Flax (or lint ) is raised in all parts of the county, but chiefly for family use; only about 3000l. worth of yarn being exported from the continent, chiefly from Kintyre. It is fown about the end of April, or beginning of May, generally after potatoes, or on other land that is clean and in good condition, at the rate of about ten or eleven pecks to the acre. Three stones from the peck is reckoned an ordinary crop; four a good one ; fome get five; and the value from 1os. to 128. the stone. There is one mill for dressing lint in Kintyre, and another in Lorn; but in Kintyre, the farmers generally dress their lint at home, after the harvest is concluded. This may be owing much to the high charge made for. dressing it in the mill, being 25. 6d. the stone, and drams, or about 1-4th of the value of the lint. Proprietors of land are much interested in correcting every thing which discourages the farmer from raising more of this valuable crop. Had we more mills, the charge might be reduced by a competition. Were it, as in other places *, so low as is. 6d. the stone, it would encourage the farmer to raise a greater quantity.
Few things would contribute more to the advantage of this county than the raising a great quantity of flax, for which our soil and climate are well adapted. Our climate is warm and moist; and we have a great deal of good fandy loam, which is the best ground for flax. If the culture of this plant were extended as far as the other operations of the farmer would allow; or if the ground, when tilled, were let to the poor, or to persons who, as in Holland, would make it their sole business to attend to it; it would prove an immense benefit to the county, and furnish employment to the poor, especially to the female part of them, in every stage of its manufacture t. When the crop is tolerably good, the produce of a single acre may be estimated at 151. on the field, at 20l. when it comes from the mill, at 6ol. when spun into yarn, and at more than sool. when wrought into cloth, and bleached. Thus 1000 acres (which would be but 40 to every parish on the continent) would yield materials for a yearly produce of 100,000l. .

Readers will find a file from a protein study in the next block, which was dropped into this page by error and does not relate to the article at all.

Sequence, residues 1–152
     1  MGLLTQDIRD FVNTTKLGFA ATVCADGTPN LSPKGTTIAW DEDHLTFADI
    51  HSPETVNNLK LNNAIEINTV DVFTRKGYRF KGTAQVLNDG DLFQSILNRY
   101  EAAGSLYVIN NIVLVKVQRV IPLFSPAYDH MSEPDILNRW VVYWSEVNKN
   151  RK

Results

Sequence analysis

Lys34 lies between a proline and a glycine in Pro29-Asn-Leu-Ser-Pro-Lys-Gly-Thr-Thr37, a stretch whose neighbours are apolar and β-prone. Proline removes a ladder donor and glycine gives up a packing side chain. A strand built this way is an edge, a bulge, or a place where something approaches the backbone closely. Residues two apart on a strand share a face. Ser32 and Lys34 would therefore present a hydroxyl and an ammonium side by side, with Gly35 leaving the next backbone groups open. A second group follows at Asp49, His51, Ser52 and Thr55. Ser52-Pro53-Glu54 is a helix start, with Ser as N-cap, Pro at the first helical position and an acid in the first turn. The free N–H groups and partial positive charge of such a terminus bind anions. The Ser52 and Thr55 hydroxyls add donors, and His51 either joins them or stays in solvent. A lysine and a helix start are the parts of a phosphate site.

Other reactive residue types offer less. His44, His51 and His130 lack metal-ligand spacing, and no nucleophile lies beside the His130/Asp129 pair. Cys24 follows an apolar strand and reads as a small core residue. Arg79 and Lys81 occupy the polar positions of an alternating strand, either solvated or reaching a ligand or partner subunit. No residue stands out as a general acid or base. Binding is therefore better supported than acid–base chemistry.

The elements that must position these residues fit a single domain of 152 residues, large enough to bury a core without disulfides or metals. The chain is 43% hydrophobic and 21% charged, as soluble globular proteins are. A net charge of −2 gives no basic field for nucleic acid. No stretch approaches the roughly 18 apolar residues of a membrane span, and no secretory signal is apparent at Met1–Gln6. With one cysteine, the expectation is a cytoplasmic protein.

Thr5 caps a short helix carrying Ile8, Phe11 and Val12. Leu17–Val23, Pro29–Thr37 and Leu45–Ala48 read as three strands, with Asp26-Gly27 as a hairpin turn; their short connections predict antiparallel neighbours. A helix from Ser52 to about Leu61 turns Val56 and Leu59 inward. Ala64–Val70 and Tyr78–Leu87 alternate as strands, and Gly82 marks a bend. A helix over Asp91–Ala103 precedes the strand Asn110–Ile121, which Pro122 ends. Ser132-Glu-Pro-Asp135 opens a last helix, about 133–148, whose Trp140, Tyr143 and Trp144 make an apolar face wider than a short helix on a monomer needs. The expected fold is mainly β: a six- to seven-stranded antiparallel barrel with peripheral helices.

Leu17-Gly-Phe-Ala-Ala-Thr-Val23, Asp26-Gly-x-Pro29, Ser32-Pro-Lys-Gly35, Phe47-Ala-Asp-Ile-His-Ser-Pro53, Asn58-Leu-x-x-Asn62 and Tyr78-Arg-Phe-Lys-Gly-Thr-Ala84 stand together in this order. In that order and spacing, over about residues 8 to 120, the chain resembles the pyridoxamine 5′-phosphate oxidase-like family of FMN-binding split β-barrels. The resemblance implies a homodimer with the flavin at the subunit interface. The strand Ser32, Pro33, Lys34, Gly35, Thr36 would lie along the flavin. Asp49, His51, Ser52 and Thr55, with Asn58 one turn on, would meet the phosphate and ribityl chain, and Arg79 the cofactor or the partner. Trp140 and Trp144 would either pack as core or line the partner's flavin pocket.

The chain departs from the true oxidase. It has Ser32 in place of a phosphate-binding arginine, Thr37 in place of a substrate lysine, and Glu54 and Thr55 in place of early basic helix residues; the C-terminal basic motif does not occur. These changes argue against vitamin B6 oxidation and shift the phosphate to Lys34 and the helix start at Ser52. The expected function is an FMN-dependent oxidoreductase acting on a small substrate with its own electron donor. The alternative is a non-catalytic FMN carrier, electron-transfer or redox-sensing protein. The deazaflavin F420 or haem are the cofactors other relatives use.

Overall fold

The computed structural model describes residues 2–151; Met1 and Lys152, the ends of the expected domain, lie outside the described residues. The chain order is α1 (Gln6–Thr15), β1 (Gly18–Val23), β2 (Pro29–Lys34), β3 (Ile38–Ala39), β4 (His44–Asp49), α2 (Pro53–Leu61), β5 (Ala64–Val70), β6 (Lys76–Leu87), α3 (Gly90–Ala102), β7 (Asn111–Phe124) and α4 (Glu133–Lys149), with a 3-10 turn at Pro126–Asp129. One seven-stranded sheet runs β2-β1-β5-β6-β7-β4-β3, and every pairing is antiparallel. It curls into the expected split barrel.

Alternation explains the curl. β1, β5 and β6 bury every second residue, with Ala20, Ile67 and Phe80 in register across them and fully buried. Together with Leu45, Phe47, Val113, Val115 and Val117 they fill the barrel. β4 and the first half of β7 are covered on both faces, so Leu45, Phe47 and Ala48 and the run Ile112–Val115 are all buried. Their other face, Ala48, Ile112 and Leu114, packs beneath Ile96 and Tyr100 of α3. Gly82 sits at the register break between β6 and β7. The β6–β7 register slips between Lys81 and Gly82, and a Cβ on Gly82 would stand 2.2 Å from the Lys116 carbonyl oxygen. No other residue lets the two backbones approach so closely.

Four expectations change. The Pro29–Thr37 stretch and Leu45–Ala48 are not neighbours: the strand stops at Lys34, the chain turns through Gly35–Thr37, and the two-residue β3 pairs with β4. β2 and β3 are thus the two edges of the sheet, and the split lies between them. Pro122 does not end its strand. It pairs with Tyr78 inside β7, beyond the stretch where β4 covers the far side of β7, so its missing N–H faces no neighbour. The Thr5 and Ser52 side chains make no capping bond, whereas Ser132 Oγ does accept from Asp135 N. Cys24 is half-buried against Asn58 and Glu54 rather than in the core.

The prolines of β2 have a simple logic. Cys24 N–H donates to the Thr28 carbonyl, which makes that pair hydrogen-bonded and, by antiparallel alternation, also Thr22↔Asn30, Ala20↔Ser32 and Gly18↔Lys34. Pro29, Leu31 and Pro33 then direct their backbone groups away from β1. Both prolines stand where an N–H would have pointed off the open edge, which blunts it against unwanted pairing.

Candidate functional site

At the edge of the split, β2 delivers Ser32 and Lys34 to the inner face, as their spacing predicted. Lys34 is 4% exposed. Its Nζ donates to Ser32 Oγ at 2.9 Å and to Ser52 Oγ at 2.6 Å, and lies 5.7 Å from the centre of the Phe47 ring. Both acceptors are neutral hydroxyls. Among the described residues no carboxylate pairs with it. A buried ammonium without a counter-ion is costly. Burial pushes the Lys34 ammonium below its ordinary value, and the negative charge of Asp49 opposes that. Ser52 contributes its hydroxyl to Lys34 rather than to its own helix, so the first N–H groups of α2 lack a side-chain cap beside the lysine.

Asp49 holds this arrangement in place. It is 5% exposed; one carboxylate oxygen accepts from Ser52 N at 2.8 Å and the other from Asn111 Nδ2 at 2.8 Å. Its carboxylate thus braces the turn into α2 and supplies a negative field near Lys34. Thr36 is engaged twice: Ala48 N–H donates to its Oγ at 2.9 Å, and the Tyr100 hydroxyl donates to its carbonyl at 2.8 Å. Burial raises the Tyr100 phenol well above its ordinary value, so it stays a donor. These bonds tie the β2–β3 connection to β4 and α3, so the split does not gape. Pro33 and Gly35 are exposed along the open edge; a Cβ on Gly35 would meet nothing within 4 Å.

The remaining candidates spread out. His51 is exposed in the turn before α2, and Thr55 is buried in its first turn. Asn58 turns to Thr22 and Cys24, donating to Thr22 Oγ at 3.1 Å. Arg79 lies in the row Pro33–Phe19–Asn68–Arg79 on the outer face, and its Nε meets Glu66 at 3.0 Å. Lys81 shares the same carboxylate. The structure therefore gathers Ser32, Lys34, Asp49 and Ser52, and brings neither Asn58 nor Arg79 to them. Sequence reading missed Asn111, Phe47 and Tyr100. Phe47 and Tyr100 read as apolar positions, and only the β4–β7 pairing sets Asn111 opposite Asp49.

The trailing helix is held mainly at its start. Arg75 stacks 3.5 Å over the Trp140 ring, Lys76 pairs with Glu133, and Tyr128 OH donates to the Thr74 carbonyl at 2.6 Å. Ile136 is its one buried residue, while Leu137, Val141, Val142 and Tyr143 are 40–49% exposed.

The attention of the farmer, and the industry of the poor, should therefore be directed, as much as possible, to a matter of so great and general importance. When this shall be the
• Agricultural Report of Angus and Forfar says, it is prepared in the mill for the heckle, at from is. 4d. to is. 6d. the stone.
+ In the higher parts of Perthshire, adjoining to this county, the ordinary farmers commonly pay all their rent by the sales of linen yarn.
case, the minds of some of our land-owners, who now depo. pulate their estates, will be more enlightened ; and they will perceive that the riches or productiveness of their estates must depend more on the number of the people, than of the sheep, by which they are occupied. It is certain, that neither pasturing, nor agriculture alone, can make any country so rich and prosperous by themselves, as when they are conjoined with manufacture and with commerce. But these cannot be carried on in any place which does not abound with people.